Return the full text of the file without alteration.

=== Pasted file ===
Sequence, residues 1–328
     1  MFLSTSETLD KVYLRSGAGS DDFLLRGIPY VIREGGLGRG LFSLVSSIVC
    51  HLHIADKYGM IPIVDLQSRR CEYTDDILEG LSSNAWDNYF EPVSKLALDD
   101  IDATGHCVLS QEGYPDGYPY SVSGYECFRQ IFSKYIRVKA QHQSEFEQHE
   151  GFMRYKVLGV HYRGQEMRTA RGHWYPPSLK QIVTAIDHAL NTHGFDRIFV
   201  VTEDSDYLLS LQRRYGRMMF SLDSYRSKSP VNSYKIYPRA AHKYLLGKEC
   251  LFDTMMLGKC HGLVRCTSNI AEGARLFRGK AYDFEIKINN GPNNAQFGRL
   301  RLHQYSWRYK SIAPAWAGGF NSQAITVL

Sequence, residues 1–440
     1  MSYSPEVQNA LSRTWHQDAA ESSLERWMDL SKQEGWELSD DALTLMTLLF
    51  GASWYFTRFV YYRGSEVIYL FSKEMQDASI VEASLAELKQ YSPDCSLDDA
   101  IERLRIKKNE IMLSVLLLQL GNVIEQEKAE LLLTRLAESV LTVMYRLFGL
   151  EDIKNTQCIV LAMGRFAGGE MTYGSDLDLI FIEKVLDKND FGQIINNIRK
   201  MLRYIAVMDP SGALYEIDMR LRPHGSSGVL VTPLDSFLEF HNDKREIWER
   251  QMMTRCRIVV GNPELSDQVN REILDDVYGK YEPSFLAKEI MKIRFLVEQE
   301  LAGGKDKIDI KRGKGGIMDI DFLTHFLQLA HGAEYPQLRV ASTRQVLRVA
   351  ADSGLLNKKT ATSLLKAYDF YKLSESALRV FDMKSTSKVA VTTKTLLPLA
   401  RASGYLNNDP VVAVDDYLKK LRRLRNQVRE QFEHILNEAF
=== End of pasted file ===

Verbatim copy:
Sequence, residues 1–328
     1  MFLSTSETLD KVYLRSGAGS DDFLLRGIPY VIREGGLGRG LFSLVSSIVC
    51  HLHIADKYGM IPIVDLQSRR CEYTDDILEG LSSNAWDNYF EPVSKLALDD
   101  IDATGHCVLS QEGYPDGYPY SVSGYECFRQ IFSKYIRVKA QHQSEFEQHE
   151  GFMRYKVLGV HYRGQEMRTA RGHWYPPSLK QIVTAIDHAL NTHGFDRIFV
   201  VTEDSDYLLS LQRRYGRMMF SLDSYRSKSP VNSYKIYPRA AHKYLLGKEC
   251  LFDTMMLGKC HGLVRCTSNI AEGARLFRGK AYDFEIKINN GPNNAQFGRL
   301  RLHQYSWRYK SIAPAWAGGF NSQAITVL

Sequence, residues 1–440
     1  MSYSPEVQNA LSRTWHQDAA ESSLERWMDL SKQEGWELSD DALTLMTLLF
    51  GASWYFTRFV YYRGSEVIYL FSKEMQDASI VEASLAELKQ YSPDCSLDDA
   101  IERLRIKKNE IMLSVLLLQL GNVIEQEKAE LLLTRLAESV LTVMYRLFGL
   151  EDIKNTQCIV LAMGRFAGGE MTYGSDLDLI FIEKVLDKND FGQIINNIRK
   201  MLRYIAVMDP SGALYEIDMR LRPHGSSGVL VTPLDSFLEF HNDKREIWER
   251  QMMTRCRIVV GNPELSDQVN REILDDVYGK YEPSFLAKEI MKIRFLVEQE
   301  LAGGKDKIDI KRGKGGIMDI DFLTHFLQLA HGAEYPQLRV ASTRQVLRVA
   351  ADSGLLNKKT ATSLLKAYDF YKLSESALRV FDMKSTSKVA VTTKTLLPLA
   401  RASGYLNNDP VVAVDDYLKK LRRLRNQVRE QFEHILNEAF